I've been trading stocks since 2003, active on Motley Fool's discussion boards and using first Hidden Gems, then Global Gains. I no longer have the newsletters, but I keep up on the WSJ and read David Rosenberg everyday at gluskinsheff.com. Education: CFA level 2 candidate MBA-focus in Finance, Marshall, University of Southern California - expected Dec 2010. BS Mechanical Engineering, UC San Diego, June 2002
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3 Responses to Crypto, Gold, Hedges, and Options

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  2. Trey Palmer says:

    Interesting thoughts, thanks for posting.

    What do you think of a long Dow – Short Russell pair trade in a crash situation?

    Bond-wise I would like to scale into EDV if/when 30y yields crack 2%.

    I am not a hedging expert but to me the problem with long-dated ITM option hedging is that there isn’t enough leverage to have insurance value. For me at least they end up seeming more like volatility dampening, or just plain full speculative positions betting on a market crash, than insurance type hedges.

    So for that reason I like the idea of well-OTM options…. but even they are expensive with any time on them in this volatility regime, and the decay just kills you much worse than ITM. I kinda don’t think hedging in the insurance sense is worthwhile if you’re not levered up on margin or holding something high-flying with unusual risk-reward characteristics.

    I am in the latter situation, holding a lot of $SVXY as I’m following a quant volatility signal service. But the market feeling was super-teetery to me going into the weekend, and $SVXY is dangerous, so I felt like I needed to hedge.

    With $VXX at 17, I bought 1/22 $30 calls for
    0.10. This is the first time I’ve ever bought this kind of junky far-OTM weekly. I felt like a WSB RobinHooder. 🙂

    But…. from $17, $VXX is capable of spiking to $35 in a couple of days, which is why the $SVXY carry trade is risky.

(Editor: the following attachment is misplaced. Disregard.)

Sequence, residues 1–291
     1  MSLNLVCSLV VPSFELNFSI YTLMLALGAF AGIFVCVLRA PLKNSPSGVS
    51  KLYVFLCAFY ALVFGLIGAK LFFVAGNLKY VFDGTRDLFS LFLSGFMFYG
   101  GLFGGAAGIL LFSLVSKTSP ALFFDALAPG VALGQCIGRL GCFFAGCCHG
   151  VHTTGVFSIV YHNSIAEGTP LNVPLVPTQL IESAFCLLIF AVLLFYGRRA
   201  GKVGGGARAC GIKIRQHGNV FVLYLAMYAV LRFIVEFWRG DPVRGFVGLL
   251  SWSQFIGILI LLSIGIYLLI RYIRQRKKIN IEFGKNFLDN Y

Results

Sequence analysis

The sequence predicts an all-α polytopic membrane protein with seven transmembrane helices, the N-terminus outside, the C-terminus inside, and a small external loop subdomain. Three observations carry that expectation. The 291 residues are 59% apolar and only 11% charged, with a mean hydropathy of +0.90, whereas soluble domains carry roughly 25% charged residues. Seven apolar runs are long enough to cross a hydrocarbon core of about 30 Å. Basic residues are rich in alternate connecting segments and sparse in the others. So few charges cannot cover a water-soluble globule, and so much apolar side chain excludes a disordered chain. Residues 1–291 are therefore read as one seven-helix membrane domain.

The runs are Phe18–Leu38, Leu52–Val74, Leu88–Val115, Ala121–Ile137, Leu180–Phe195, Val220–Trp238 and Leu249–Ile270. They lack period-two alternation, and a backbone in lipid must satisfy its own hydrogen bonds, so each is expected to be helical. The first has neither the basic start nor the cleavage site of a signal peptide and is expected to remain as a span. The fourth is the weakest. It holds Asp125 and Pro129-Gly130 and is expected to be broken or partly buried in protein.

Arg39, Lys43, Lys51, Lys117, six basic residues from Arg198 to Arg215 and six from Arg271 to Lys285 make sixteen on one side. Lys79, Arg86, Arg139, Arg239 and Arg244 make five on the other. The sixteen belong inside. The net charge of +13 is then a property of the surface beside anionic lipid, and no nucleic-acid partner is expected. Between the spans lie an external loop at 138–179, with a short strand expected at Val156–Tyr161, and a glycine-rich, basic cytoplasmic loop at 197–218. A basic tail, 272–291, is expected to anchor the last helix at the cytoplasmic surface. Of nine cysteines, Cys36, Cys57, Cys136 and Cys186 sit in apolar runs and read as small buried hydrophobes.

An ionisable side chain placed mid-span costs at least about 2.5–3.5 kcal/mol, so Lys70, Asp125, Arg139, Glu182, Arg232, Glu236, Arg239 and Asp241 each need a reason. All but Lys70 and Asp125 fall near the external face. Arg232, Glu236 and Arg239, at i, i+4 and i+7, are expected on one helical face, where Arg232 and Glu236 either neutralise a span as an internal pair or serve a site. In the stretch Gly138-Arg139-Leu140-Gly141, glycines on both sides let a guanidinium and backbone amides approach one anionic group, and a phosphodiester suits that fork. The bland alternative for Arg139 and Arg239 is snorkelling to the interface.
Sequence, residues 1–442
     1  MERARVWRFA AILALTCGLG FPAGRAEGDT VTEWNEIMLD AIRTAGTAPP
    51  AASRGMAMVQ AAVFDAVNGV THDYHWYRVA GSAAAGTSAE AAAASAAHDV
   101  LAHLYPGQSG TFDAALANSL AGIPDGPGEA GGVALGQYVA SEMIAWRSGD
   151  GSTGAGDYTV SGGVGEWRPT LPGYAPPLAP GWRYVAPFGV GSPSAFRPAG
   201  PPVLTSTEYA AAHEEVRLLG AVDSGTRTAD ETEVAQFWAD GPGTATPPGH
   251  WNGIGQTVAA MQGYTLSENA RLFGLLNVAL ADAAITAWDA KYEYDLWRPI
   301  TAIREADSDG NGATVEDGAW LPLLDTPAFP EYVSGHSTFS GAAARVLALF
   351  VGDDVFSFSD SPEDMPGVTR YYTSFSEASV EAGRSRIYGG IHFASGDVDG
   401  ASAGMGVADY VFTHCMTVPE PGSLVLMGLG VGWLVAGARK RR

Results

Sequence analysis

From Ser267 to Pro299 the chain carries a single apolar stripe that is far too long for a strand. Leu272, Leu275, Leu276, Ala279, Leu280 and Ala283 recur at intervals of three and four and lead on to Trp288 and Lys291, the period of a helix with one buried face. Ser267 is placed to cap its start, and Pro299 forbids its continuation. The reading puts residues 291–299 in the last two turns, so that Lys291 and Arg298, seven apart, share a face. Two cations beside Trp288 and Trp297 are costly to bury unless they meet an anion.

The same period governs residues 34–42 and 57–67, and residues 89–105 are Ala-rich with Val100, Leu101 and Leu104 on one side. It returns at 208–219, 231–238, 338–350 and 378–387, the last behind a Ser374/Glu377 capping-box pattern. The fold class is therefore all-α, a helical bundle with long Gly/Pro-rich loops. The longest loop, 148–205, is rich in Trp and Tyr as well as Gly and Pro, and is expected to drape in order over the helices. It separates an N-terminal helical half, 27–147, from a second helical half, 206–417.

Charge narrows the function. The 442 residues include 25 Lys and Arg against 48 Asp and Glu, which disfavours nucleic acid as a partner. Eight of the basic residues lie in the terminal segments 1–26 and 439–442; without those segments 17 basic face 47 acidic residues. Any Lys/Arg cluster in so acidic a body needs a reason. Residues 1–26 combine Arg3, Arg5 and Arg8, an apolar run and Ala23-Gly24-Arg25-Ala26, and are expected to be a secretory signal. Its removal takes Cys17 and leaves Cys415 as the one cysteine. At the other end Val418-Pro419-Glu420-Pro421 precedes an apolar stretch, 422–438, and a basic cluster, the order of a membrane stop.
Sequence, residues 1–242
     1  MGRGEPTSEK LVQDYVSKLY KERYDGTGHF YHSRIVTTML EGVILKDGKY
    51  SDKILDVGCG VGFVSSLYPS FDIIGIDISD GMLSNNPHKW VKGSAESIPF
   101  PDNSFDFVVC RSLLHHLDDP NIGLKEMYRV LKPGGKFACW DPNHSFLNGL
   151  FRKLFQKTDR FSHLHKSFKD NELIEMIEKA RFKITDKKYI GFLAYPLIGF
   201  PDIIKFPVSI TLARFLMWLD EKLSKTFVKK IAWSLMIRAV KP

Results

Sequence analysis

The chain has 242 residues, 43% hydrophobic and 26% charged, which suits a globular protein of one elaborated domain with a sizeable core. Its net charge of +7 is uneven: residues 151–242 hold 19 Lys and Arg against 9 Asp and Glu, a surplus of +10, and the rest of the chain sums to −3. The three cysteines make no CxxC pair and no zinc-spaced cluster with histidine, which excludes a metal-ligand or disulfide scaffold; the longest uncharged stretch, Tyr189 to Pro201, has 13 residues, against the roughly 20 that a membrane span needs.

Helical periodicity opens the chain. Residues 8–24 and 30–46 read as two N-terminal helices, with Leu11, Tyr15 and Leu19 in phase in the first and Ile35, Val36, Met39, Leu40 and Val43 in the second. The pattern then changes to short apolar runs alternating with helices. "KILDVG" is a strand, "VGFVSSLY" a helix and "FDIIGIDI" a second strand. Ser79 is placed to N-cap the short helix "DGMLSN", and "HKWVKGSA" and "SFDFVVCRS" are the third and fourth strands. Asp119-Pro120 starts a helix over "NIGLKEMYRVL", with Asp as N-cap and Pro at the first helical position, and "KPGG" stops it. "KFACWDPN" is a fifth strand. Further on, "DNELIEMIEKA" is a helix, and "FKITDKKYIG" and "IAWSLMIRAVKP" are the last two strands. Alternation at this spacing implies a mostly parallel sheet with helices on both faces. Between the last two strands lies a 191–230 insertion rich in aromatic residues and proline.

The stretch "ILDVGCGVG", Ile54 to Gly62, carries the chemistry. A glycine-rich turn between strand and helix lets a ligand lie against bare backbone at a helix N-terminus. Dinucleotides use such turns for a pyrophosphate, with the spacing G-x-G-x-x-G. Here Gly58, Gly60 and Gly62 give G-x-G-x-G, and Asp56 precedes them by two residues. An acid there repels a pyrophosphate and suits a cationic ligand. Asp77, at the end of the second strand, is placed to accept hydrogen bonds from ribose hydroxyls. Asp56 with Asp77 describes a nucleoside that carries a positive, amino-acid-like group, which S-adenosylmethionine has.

$35 would be $500 of intrinsic value per contract at a price of $10. Extrinsic could easily be $600+ as IV would soar.

    Right after doing this I talked to a volatility fund manager. He told me they hedge short VXX holdings with weekly 70% OTM VXX calls to prevent a 2/18 style black swan type vol event. Since they’re not always short volatility, they don’t do it all the time. Made me feel kinda smart for once, though. 🙂

    As a general hedge, it might be too expensive to use regularly. But in a situation like this week, where you and I seem on the same page, 0.1% of account value would hedge against a surprise limit down for the 3 day weekend snd all of next week, allowing one to get out roughly even.

    • johnonstocks says:

      I tend to avoid using vehicles like the VXX because they are overly complicated. I feel much better assessing risk/reward with options on stocks or ETFs holding unlevered stocks or bonds.

      Right now I believe we are in a high volatility regime which means that calls and puts have an outsized shot at profitability. My hedges in IWM and TLT are intended to protect my portfolio from a major selloff which would hurt my extremely long gold and silver positions.

      I’m not sure what the bet is on long DOW short Russell. If it gears toward passive investing, the biggest passive vehicles follow the S&P or NASDAQ, so I would prefer a bet that the biggest individual companies in both win vs the Russell. I would also want to bet on a company doing buybacks like AAPL rather than selling shares like TSLA.